Friday, April 15, 2016

Who’s Watching the Kids?





As I dressed for a downtown event I felt nervous. Not because I had to face Seattle traffic; I was taking the bus. And not because I had not been to The Women’s University Club before; I Googled the directions. What elevated my nerves was I was meeting my editor, bestselling author Jacquelyn Mitchard, for the first time. I’d met plenty of famous writers before at countless workshops and conferences. But even though Jackie and I had physically not met, we knew one another through our writing, and that kind of intimacy has higher stakes.

I was greeted by several of the club members, all pleasant and friendly, and I felt immediately at home. The Women’s University Club was founded in 1914 “to form a closer union of university women in order to promote outstanding educational, cultural, and social activities.” It’s housed in a beautiful brick building with elegant decor.

After being invited to a cup of coffee, I followed two members downstairs where the reading was to take place. Within a couple of minutes Jackie arrived, we hugged, and started chatting like old friends. Knowing a person through his or her writing is a similar to picking up an old friendship with someone you haven’t seen in years; you’ve already established common ground on a deep level and you know where to fill the gaps. She was easy company.

Jackie autographed books, chatted with club members, and began her talk. Jackie told us a couple of stories about how her first novel, The Deep End of the Ocean, and her current novel, Two If By Sea came to be. After her first novel came out twenty years ago, she received a couple of phone messages from Oprah Winfrey. She ignored them, believing they were from a friend playing a prank. Luckily Jackie answered Oprah’s third call, agreed to be a guest on the show, and propelled her writing career.

She also discussed balancing being an author, going on book tours, and editing the Merit Press, a YA imprint of FW Media. After she read a passage, Jackie’s friend and fellow writer Martha Brockenbough joined her in a lively dialogue about women and our place in the literary canon. Both authors made the point that when they tour, someone from the audience invariably asks, “who is watching your children when you travel?” Jackie and Martha agreed nobody ever asks a male author the same question.

Why does a writer’s gender matter? Jackie and Martha pointed out that for women writers there’s a belief that we should stick to romance and “chick lit” topics. There’s a perception that female authors can’t successfully write about politics and war, or as Martha referred to as “dick lit.”

Women in literature have historically taken a back seat to men, with their work often designated as “chick lit.” Some writers, such as George Eliot and James, Tiptree, JR., hid their gender through a pseudonym, and contemporary authors J.K. Rowling and J.A. Jance, use gender-less initials. But are stories limited by gender? Why should an author’s sex determine what kind of story he or she should tell?

I’m grateful that Jackie and the team at Merit Press did not hold my gender against me and chose to publish my book. Because my novel has a male protagonist I considered using a pseudonym or initials because clearly, I’m not an eighteen year-old boy. Yet the book isn’t about me; I’m just a channel for these imaginary friends’ voices.




Happy Writing.

Wednesday, April 6, 2016

Let the Birth of the Book Begin


 There's another giveaway!


http://bit.ly/1S2ObH8

After years of slogging away on my writing, logging in the ten thousand hours plus, the tectonic plates have shifted and added to my day are online interviews and public appearances. I'm still working on another novel, but progress has slowed.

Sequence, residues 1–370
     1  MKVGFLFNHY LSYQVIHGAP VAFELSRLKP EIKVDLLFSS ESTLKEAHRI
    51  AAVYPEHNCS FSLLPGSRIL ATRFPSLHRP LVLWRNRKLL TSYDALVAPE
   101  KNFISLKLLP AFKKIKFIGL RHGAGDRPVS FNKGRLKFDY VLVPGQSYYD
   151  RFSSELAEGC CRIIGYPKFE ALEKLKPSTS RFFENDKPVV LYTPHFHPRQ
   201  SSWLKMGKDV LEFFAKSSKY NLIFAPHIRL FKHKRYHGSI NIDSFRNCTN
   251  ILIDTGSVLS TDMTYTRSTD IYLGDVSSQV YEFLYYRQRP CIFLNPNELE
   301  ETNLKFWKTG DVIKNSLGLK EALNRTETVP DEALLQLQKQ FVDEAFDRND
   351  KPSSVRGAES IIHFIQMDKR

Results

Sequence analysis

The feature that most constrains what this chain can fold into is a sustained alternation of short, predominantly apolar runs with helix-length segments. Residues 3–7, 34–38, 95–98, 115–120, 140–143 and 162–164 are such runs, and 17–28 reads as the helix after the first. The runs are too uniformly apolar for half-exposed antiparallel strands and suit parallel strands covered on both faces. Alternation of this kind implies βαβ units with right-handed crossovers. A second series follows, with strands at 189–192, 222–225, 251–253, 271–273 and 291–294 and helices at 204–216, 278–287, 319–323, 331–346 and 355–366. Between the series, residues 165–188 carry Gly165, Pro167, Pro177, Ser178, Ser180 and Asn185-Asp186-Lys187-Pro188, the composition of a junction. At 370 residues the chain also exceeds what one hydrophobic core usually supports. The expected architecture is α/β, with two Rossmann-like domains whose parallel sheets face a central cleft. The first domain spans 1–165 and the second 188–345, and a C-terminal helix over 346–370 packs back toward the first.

When the book tour commences my goal is to post a daily diary much like I did when I drove across the country with cats. No cats allowed on the tour. Otherwise my blog posts will be even more sporadic than they already are.

Meanwhile, enjoy this lovely reveiw. This is important for two reasons: 1, it's written by a teen, the audience for which I write, and 2, she gets my book.

http://www.teenlibrariantoolbox.com/2016/03/book-review-breakfast-with-neruda-by-laura-moe-reviewed-by-teen-reviewer-lexi/

Be sure to enter the Goodreads giveaway.

Happy Reading (and Writing.)

Friday, March 25, 2016

Drawing on the Write Side of the Brain



The light hits the model’s back and highlights his bronze skin and sinewy muscles. He balances precariously on one foot and stretches his arms upward.  After a minute, the timer buzzes and he changes the pose. I flip to a new page in my newsprint tablet and quickly sketch.


I’m a writer, yet I’ve begun drawing again, which cross trains the creative centers in my brain. Most writers I know do other things. Some are daredevils who climb mountains, others play baseball, and some are musicians. Many regard writing as a ‘hobby,’ but for those of us whose job it is to write, we find other outlets.

I don't like the term hobby. It implies something of little importance, a lightweight activity to do in one’s spare time, an accessory, something expendable. An activity which captures one’s focus and critical thinking is not lightweight. Earning an income is necessary for paying the bills, but pursuing activities that engage one’s creative centers are crucial for survival. That engagement in rock climbing, bicycling, drawing, or fantasy football will manifest itself in other ways. Overall, pursuing a variety of interests makes one a more fully educated person.



Schools across the country made a huge mistake by eliminating “shop” and ‘home ec’ classes, and art, music and drama are facing the same fate. I’m glad I received a ‘renaissance’ education where learners were exposed to multiple sectors. By the time I was in high school I knew that while I was lousy in math, could sing well enough to be in choir, and afraid of shop tool, I was good in art, reading and writing. While the law forced me to stay in school, Art and English classes gave me motivation to accept the rest.